In PlasmaCAM, Inc. v. CNCElectronics, LLC, No. 21-1689 (Fed. Cir. Feb. 3, 2022), the Federal Circuit reversed and remanded the district court’s judgment ordering CNC to execute Plasmacam’s version of the settlement agreement.
The patent-in-suit is directed to a plasma cutting system, to which Plasmacam has an executive license. Plasmacam accused CNC of infringement. The parties later notified the district court that they reached a settlement agreement; however, the parties could not agree on the scope of the release. CNC advocated for a broad release of all past and future claims, not just those specifically accused of infringement. The district court ordered CNC to execute the settlement agreement using Plasmacam’s proposed narrow scope, releasing only past and future claims for products accused of infringement.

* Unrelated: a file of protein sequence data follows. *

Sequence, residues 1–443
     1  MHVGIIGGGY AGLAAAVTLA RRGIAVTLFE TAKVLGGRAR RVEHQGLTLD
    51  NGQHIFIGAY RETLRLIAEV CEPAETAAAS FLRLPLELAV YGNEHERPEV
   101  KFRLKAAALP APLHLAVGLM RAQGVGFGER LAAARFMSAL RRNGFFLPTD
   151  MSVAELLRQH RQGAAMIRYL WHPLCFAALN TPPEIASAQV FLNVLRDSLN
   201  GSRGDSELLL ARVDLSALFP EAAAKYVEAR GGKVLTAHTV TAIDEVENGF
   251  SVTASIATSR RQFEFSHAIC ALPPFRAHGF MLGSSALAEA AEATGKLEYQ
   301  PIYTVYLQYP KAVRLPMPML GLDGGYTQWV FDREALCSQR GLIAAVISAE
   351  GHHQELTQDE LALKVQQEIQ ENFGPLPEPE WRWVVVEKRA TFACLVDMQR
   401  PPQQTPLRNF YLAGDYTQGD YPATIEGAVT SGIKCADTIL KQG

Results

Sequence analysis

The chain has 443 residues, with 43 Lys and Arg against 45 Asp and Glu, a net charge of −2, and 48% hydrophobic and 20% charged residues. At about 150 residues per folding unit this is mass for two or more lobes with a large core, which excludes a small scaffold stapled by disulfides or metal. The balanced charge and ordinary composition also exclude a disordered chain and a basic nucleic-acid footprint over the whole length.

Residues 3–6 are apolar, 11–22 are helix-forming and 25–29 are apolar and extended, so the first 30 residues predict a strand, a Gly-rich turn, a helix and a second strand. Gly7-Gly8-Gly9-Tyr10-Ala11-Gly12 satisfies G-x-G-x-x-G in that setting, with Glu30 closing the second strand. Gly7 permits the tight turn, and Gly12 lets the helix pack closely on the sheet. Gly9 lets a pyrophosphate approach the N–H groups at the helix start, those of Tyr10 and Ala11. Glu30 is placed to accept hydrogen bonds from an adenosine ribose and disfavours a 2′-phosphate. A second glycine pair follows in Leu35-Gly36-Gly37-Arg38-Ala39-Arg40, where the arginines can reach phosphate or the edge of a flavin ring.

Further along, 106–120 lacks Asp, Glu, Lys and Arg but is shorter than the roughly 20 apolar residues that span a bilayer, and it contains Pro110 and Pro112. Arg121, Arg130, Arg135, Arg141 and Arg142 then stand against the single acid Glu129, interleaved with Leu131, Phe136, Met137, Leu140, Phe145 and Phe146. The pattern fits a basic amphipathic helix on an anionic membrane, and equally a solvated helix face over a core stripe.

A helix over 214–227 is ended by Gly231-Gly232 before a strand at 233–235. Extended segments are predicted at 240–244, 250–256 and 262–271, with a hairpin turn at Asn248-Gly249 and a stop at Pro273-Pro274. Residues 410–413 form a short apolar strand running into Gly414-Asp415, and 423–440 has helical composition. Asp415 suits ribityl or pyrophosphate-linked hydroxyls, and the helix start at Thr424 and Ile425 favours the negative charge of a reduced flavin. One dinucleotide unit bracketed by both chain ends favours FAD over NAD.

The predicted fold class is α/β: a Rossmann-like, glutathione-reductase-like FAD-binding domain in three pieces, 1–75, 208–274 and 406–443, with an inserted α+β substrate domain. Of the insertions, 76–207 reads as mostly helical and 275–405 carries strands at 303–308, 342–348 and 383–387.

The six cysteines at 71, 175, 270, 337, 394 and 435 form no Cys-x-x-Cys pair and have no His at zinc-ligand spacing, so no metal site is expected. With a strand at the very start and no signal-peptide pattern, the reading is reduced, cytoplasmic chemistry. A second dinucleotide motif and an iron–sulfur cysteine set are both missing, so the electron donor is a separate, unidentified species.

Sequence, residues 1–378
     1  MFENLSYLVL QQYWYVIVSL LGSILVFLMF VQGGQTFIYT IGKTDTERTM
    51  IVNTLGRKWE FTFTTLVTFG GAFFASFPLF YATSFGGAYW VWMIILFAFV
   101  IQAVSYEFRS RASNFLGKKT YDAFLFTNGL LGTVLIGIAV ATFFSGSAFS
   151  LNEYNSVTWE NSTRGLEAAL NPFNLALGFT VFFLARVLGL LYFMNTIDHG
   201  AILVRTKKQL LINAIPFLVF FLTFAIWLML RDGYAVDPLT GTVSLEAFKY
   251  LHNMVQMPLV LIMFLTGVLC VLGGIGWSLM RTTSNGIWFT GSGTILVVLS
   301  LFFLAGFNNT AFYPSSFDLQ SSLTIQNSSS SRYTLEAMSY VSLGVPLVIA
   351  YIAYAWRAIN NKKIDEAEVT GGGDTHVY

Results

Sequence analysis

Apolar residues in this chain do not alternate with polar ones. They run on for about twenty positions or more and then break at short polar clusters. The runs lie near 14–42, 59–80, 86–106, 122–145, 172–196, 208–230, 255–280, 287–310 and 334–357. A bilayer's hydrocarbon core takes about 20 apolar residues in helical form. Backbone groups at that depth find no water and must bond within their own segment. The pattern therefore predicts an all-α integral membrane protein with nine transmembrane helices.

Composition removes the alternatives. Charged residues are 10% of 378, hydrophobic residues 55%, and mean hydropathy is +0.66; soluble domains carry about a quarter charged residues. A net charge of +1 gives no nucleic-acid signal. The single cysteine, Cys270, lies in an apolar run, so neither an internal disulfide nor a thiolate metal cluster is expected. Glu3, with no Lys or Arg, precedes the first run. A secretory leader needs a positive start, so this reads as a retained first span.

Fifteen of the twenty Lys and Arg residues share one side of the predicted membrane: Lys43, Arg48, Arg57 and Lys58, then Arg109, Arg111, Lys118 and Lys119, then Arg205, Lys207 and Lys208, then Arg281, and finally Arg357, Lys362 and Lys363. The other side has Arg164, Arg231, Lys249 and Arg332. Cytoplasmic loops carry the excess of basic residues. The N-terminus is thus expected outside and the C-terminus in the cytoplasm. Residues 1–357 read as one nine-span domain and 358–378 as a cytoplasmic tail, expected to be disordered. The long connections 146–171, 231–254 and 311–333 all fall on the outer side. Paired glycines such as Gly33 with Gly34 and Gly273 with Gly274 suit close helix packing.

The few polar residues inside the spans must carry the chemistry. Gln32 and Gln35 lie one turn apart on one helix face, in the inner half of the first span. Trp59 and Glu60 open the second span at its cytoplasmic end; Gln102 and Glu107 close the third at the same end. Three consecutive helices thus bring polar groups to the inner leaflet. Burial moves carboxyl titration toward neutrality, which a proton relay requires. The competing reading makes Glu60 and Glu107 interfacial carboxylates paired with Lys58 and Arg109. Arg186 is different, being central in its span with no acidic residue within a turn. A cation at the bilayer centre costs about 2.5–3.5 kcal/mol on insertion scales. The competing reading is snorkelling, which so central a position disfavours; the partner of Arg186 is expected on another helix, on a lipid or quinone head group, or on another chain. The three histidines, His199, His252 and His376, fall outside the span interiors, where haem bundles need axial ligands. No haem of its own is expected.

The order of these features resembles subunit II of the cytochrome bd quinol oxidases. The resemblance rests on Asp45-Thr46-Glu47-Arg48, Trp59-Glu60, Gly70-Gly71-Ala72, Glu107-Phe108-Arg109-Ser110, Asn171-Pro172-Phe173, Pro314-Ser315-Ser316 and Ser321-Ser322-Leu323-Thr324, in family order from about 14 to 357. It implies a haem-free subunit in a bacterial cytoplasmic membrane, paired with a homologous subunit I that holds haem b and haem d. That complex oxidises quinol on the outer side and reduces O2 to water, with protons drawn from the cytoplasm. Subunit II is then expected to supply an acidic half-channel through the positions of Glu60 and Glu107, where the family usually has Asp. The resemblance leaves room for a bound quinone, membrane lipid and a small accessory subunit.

In a split decision, the Federal Circuit held that “the district court committed clear error” when ordering CNC to execute the settlement based on Plasmacam’s terms, finding that email correspondence between the parties “establishes that Plasmacam ultimately agreed to CNC’s proposed Covered Products definition” and released CNC from future claims of infringement. Judge Newman dissented, finding that there was never an agreement between the parties.